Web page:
While vacationing in Hawaii, President Barack Obama on Thursday signed the 2013 bipartisan budget deal first announced Dec. 10 by the chairman of the House Budget Committee, Rep. Paul Ryan (R-Wis.), and Sen. Patty Murray (D-Wash.), chair of the Senate Budget Committee.
He also signed a defense bill that addresses, among other things, the issue of sexual assault in the military.
The Republican-controlled House passed the budget deal by a vote of 332-94 while the Democratic-controlled Senate passed it by a vote of 64-36 last week.
The deal eases 3 billion of across-the-board sequestration spending cuts over two years—5 billion in 2014 and about 8 billion in 2015—by setting spending for fiscal year 2014 at .012 trillion and .014 trillion for fiscal year 2015.
The bill finances the increased spending of 3 billion partly through savings and nontax revenues of 5 billion, providing an overall deficit reduction of 0 billion.
The deal falls short of the grand bargain both parties had hoped for but represents a significant achievement because it prevents another shutdown crisis in the next two years.
However, the threat of renewed brinksmanship over the debt ceiling in the first months of 2014 continues to hang over the nation.
The Washington Post reports that the Treasury has warned that Congress must raise the debt ceiling by early March to avert yet another risk of US government debt default.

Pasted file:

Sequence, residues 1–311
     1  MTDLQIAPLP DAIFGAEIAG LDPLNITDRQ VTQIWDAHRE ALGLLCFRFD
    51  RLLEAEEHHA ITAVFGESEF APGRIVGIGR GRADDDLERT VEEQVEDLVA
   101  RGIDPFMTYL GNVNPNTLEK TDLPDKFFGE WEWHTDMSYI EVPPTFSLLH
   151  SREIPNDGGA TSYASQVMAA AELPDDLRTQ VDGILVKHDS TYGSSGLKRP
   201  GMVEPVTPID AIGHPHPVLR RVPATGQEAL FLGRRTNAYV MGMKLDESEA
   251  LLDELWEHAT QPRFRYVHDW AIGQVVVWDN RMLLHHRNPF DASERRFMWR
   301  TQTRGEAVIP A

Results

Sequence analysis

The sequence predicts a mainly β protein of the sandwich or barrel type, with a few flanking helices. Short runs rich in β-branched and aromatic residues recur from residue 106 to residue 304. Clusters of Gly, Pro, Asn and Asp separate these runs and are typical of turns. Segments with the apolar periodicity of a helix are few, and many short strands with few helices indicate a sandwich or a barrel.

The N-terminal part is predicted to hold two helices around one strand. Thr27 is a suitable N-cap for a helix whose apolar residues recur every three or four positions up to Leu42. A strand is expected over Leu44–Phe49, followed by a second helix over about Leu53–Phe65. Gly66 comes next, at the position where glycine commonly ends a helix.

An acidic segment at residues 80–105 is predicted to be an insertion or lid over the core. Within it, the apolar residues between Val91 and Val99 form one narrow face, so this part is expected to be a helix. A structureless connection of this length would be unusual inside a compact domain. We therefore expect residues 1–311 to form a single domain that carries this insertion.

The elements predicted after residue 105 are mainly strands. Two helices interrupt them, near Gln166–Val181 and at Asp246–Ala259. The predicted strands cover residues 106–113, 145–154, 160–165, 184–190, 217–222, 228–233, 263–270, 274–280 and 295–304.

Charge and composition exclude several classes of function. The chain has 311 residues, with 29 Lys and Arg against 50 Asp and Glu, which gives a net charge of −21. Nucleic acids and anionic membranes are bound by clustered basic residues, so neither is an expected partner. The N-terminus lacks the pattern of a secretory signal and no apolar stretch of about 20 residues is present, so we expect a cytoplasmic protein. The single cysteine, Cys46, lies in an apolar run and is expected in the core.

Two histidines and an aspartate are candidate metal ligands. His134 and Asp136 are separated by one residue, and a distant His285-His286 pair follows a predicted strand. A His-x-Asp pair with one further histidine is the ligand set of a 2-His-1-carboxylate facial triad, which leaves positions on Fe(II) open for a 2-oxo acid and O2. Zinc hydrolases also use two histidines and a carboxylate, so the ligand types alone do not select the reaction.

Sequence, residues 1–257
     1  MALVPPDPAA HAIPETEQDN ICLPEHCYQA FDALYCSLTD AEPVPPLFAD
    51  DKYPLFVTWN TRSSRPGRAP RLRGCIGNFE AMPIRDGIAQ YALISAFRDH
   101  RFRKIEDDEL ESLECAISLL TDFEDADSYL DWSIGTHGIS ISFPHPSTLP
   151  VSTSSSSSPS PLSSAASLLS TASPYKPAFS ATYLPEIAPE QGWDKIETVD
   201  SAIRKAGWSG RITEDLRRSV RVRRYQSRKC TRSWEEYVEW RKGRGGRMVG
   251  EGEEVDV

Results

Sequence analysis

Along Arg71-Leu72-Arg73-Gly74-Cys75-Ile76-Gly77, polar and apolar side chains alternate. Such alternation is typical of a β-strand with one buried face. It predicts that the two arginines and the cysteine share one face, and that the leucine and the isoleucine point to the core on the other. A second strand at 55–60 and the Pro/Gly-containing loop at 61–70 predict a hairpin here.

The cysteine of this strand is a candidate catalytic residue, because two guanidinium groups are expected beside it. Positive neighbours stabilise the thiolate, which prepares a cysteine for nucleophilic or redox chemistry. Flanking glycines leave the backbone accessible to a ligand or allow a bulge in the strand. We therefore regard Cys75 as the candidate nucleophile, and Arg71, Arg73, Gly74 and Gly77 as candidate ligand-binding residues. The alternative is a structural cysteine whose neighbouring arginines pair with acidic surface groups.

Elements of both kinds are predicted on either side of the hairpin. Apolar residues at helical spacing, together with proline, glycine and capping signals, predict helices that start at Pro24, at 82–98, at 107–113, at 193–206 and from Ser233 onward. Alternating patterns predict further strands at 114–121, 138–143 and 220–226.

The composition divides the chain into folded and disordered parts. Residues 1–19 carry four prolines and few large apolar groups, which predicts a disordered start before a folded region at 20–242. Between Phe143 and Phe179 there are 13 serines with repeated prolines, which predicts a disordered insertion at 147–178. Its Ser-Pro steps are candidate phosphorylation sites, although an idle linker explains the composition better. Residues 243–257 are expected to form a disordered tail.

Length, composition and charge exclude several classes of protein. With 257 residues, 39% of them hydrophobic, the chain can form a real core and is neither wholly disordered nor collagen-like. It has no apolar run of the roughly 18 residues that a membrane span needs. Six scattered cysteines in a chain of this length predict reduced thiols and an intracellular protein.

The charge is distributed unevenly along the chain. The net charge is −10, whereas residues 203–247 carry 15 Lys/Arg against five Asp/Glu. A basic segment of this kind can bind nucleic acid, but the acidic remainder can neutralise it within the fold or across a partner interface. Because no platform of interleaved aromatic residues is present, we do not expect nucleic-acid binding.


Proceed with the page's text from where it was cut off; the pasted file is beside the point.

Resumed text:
Republicans have indicated they will demand concessions to raise the debt limit. But Obama has restated his position that he will not negotiate with Republicans to raise the nation’s debt ceiling.
Allvoices reported that Ryan said Republicans will insist on approval of the controversial Keystone XL Pipeline as a condition to raise the debt ceiling.
Signing the budget deal is one of the last major official acts representing a positive achievement for the Obama administration in an exceptionally tumultuous year blighted by acrimonious squabbles between congressional Democrats and Republicans over the budget, the debt limit and the administration’s signature health-care law.
Obama’s biggest personal regret for 2013 will be his administration’s bungling of the rollout of the online Affordable Care Act federal exchange that nearly turned disastrous for his administration.
But having weathered the worst storms of the online exchange rollout, Obama must brace up to face other challenges to his health-care law in 2014 as Republicans gear up to exploit public discontent about the law to fight the battle for control of Congress in the 2014 midterm elections.